Smarty Jones put Pennsylvania horse racing on the map when he nearly won the Triple Crown in 2004. That year Pennsylvania became one of the country’s most lucrative racing states, though the laws governing racing haven’t changed in more than 30 years. Now four state senators want to update the laws to improve the quality of racing.
On Memorial Day in 1981 a bay colt named Summing won the Pennsylvania Derby at the venue known as the Keystone Race Track. That was the same year that Pennsylvania’s legislature reformed the laws governing horse racing in the state. Summing could hardly have been called a favorite, but the Kentucky-bred colt impressed his owners enough with that race that they decided to enter him in the Belmont. And there Summing made history. He defeated Pleasant Colony, depriving the favorite of the Triple Crown.
Much has changed in horse racing since Summing stormed the gates at Belmont. In few places, though, has racing changed more dramatically than here in Pennsylvania. The quaint Keystone Race Track became Philadelphia Park on its way to becoming Parx, one of the state’s premier racetrack/casinos. In 2004 Pennsylvania’s legislature opened the door to a vastly different horse racing industry when they legalized slot machines. Subsequently, the racing industry has created a system of bonuses and rewards for Pennsylvania-bred horses. Purses have swelled with the influx of dollars to the casinos—where 12 percent of the slot machine revenue goes to the state’s horse racing industry. The casino operators retain 45 cents of every dollar from the slots. Thirty-four percent of every dollar goes to property tax relief for Pennsylvania residents.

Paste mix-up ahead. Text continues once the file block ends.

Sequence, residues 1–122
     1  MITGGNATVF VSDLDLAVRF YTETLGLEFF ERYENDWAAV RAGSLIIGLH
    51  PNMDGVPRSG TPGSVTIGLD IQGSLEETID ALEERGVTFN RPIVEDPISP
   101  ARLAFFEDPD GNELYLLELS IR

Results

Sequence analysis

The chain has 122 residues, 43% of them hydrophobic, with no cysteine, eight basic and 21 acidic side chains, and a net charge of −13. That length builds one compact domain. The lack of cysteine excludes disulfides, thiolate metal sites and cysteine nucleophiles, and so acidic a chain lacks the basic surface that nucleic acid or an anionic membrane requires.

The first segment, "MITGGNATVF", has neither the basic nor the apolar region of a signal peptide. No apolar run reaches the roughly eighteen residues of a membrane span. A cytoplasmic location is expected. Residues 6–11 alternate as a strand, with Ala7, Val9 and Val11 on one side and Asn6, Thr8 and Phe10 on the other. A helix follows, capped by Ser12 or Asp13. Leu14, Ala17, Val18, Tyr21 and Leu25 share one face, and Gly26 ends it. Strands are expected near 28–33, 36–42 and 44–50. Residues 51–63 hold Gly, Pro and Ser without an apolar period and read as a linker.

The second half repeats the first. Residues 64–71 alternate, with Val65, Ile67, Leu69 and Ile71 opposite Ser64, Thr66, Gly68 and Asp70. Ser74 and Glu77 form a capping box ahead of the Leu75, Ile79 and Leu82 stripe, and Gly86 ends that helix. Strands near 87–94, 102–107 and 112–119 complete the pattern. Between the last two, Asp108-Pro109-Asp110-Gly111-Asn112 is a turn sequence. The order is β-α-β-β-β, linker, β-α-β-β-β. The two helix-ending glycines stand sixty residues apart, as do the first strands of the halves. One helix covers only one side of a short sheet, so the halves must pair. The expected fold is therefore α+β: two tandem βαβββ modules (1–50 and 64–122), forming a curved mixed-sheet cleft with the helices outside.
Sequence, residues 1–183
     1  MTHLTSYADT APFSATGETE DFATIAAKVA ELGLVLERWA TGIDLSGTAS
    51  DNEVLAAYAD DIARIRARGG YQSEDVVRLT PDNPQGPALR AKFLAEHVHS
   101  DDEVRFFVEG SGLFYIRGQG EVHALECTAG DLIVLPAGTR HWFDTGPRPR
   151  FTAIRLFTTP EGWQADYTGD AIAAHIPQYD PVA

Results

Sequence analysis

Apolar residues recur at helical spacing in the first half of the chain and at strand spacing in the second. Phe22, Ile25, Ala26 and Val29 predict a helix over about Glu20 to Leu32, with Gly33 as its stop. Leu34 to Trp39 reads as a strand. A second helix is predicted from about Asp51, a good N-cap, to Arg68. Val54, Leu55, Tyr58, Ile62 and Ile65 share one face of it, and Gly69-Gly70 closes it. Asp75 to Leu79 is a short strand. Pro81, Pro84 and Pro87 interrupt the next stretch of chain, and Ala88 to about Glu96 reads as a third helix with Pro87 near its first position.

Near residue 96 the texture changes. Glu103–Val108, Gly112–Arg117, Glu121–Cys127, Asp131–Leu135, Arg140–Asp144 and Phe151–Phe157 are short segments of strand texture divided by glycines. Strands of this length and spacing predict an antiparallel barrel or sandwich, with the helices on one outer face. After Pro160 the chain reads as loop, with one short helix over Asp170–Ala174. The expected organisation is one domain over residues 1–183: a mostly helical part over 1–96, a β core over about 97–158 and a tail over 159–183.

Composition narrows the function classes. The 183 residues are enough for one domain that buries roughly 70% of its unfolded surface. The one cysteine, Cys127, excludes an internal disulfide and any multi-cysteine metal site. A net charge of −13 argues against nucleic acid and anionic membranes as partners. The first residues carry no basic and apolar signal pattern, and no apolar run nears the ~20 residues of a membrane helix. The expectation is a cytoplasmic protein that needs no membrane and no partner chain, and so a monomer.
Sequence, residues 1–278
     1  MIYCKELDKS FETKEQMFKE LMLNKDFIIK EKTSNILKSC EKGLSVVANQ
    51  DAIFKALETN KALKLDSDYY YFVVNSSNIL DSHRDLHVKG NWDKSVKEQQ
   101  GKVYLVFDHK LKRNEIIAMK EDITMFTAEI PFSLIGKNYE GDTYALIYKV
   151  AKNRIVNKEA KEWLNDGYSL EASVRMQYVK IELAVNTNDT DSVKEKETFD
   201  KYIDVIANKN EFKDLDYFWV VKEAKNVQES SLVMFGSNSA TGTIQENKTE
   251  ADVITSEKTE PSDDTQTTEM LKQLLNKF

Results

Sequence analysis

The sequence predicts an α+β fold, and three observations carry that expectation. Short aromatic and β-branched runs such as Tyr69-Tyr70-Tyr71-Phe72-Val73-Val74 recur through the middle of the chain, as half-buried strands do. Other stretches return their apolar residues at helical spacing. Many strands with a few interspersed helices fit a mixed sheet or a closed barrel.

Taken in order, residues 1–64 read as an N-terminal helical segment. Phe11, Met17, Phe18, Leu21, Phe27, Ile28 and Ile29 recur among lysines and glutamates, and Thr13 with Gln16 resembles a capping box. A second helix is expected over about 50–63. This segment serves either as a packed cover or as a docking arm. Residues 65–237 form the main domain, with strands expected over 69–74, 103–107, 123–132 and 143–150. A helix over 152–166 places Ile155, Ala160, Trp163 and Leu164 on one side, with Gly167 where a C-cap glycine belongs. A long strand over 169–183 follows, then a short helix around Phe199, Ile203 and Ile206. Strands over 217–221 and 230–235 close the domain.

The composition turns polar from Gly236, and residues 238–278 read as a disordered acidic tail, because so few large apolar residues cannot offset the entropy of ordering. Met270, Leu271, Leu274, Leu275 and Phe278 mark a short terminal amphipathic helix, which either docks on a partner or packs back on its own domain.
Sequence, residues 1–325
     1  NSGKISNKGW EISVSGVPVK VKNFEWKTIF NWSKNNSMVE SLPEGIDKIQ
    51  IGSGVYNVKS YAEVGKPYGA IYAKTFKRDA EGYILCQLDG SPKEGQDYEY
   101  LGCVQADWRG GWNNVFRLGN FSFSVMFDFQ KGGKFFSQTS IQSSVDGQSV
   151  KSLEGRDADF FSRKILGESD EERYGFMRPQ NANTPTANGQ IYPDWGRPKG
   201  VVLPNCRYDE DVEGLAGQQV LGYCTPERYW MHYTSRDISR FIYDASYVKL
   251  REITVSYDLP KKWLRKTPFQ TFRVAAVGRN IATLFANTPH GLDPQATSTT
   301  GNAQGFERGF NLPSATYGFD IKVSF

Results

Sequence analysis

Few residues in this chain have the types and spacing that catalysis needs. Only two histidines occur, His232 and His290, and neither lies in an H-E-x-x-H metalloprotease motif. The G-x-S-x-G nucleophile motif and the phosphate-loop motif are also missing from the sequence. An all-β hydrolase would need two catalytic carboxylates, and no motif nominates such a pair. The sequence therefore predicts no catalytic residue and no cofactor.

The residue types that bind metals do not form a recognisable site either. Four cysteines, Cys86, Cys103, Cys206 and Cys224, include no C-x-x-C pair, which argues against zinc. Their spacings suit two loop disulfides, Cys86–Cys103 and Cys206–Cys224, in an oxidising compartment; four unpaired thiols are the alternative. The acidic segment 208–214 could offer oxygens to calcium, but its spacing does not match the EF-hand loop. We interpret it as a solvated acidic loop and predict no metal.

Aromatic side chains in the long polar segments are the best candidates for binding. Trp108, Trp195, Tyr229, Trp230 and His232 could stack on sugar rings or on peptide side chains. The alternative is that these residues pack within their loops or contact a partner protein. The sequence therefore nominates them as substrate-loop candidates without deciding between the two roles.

In October, four state senators announced plans to take another look at the 1981 Race Horse Industry Reform Act, which has largely remained intact as written for more than 30 years, despite the dramatic changes that have recast horse racing in Pennsylvania. Republicans Elder Vogel of Allegheny, Dominic Pileggi of Delaware, Joseph Scarnati of Jefferson and Robert Tomlinson of Bucks County issued a memorandum on the 15th, seeking support for their efforts to amend the law.
New Structure, New Regulations
According to Mike Rader, Executive Director of the Senate Agricultural and Rural Affairs Committee, one goal is to eliminate duplication of efforts. “We want to dissolve the racing commissions, and put those functions under the Gaming Control Board,” he explains. Beyond the functional changes, though, Rader says the plan will address other aspects of the state’s racing industry.
“There’s no out of competition drug testing in Pennsylvania,” he says, whereas that is fairly common in other states. He says that in addition to the drug testing, which will add expense to the Gaming Control Board’s budget, the state senators want to enact rules that would prohibit track personnel from receiving gifts from breeders, trainers and others. Rader explains that some of these initiatives would satisfy recommendations from a 2009 Grand Jury investigation into activities at Penn National racetrack in Dauphin County. During that investigation, several witnesses testified that some grooms and at least one trainer at Penn National had been injecting horses with snake venom, and administering concoctions called “milkshakes” to horses. Milkshakes, a combination of several substances including Red Bull energy drink, baking soda, sugar and electrolyte powder, are not permitted for horses within 24 hours of racing. Snake venom is also prohibited.